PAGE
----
Is there any market-based approach to rectifying this imbalance?

It is important for the P&I Market to stem the tide of soya bean cases in China, and this is perhaps best done by a coordinated and concerted effort to push back against the main protagonists, the Chinese receivers and insurers. 

In this regard, the recent English court decision in The Frio Dolphin has (subject to appeal) given P&I insurers a powerful weapon in their fight against the injustice of being saddled wrongly with the cargo losses arising from inherent vice. In this case, the court held that a shipowner may bring arbitration proceedings against a subrogated cargo underwriter and claim “equitable compensation” (i.e. damages) in cases where the subrogated underwriters has obtained judgment in a foreign court in breach of the arbitration clause incorporated in the Bill of Lading contract. As the law currently stand, such damages would be equal to the amount the shipowner has had to pay pursuant to the foreign judgment, plus any associated costs. Of course, the challenges of enforcement remain but insurers are much more susceptible to enforcement proceedings than local receivers are.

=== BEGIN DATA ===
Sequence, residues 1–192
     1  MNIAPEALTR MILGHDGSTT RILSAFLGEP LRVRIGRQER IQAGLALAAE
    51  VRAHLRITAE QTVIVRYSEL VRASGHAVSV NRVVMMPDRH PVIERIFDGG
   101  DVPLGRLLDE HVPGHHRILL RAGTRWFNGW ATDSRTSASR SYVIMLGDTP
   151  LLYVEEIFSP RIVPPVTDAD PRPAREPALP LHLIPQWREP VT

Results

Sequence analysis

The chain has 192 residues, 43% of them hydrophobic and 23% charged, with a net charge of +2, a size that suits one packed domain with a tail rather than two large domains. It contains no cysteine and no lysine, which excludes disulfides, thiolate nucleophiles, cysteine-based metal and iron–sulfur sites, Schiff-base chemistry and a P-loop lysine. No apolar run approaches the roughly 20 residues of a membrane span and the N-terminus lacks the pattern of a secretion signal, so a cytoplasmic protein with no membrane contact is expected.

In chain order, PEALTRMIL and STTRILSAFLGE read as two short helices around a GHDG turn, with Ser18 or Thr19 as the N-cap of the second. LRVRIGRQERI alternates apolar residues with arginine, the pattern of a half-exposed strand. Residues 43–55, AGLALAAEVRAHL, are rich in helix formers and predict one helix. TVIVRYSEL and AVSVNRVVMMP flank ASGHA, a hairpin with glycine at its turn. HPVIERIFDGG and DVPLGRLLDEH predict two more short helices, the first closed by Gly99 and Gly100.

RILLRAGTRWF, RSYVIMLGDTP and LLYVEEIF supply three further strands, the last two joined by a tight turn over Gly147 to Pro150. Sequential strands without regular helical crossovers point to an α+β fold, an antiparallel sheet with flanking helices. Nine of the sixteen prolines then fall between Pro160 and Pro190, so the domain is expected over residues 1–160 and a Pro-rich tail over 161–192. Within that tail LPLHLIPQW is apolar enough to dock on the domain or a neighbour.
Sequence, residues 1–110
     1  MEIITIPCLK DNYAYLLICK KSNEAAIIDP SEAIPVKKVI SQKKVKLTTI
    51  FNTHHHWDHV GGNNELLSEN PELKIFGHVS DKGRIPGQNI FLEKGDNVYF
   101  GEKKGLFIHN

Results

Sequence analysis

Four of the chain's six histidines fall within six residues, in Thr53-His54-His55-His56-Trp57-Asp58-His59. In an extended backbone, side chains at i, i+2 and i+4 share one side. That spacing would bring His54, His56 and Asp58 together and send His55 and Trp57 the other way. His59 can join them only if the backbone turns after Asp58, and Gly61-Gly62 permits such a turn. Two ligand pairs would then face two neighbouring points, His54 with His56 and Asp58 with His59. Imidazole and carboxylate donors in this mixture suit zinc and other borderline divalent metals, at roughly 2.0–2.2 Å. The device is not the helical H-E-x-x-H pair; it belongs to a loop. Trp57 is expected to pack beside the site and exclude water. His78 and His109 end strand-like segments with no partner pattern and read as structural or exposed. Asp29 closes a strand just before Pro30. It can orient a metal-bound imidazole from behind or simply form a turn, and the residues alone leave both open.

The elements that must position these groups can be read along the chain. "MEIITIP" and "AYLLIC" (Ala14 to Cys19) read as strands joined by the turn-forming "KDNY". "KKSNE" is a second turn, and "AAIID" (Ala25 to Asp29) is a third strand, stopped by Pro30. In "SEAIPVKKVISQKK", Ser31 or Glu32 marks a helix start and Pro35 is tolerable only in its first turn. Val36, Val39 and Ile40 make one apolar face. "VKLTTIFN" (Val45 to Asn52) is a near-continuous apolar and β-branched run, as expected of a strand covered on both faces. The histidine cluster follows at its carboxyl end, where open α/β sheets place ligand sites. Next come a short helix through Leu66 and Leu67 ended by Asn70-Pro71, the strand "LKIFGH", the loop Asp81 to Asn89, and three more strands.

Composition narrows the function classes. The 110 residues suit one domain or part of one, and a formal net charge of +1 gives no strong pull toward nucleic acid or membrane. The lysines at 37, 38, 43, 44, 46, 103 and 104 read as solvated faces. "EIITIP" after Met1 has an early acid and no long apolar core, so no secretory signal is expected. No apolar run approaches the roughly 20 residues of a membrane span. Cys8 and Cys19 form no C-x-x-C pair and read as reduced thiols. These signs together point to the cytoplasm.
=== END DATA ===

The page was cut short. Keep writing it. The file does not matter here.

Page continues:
Finally, anti-suit injunctions remain a potent weapon and it should not be assumed that they will simply be ignored by Chinese receivers. In a recent soya bean case in which damages of US$10 million were claimed, we obtained an anti-suit injunction against a government owned Chinese receiver, and this stopped the claim dead in its tracks; the ASI was complied with and the security posted in China returned.


We are still left to see whether the Court of Appeal’s decision will be overturned by the Supreme Court. What is the deadline to submit the case at the Supreme Court?

An application to appeal at the Supreme Court has been made. Although it remains to be seen what the Supreme Court’s decision will be, chances are that the law as we know it will be reiterated.

Thank you, Darryl, for taking the time to speak with us and for sharing your views.

Teresa Marie Cunningham
by Teresa Marie Cunningham
Senior Claims Executive, Gard Oslo
Kleia Kokkini
by Kleia Kokkini
Claims Executive, Lawyer, Gard Piraeus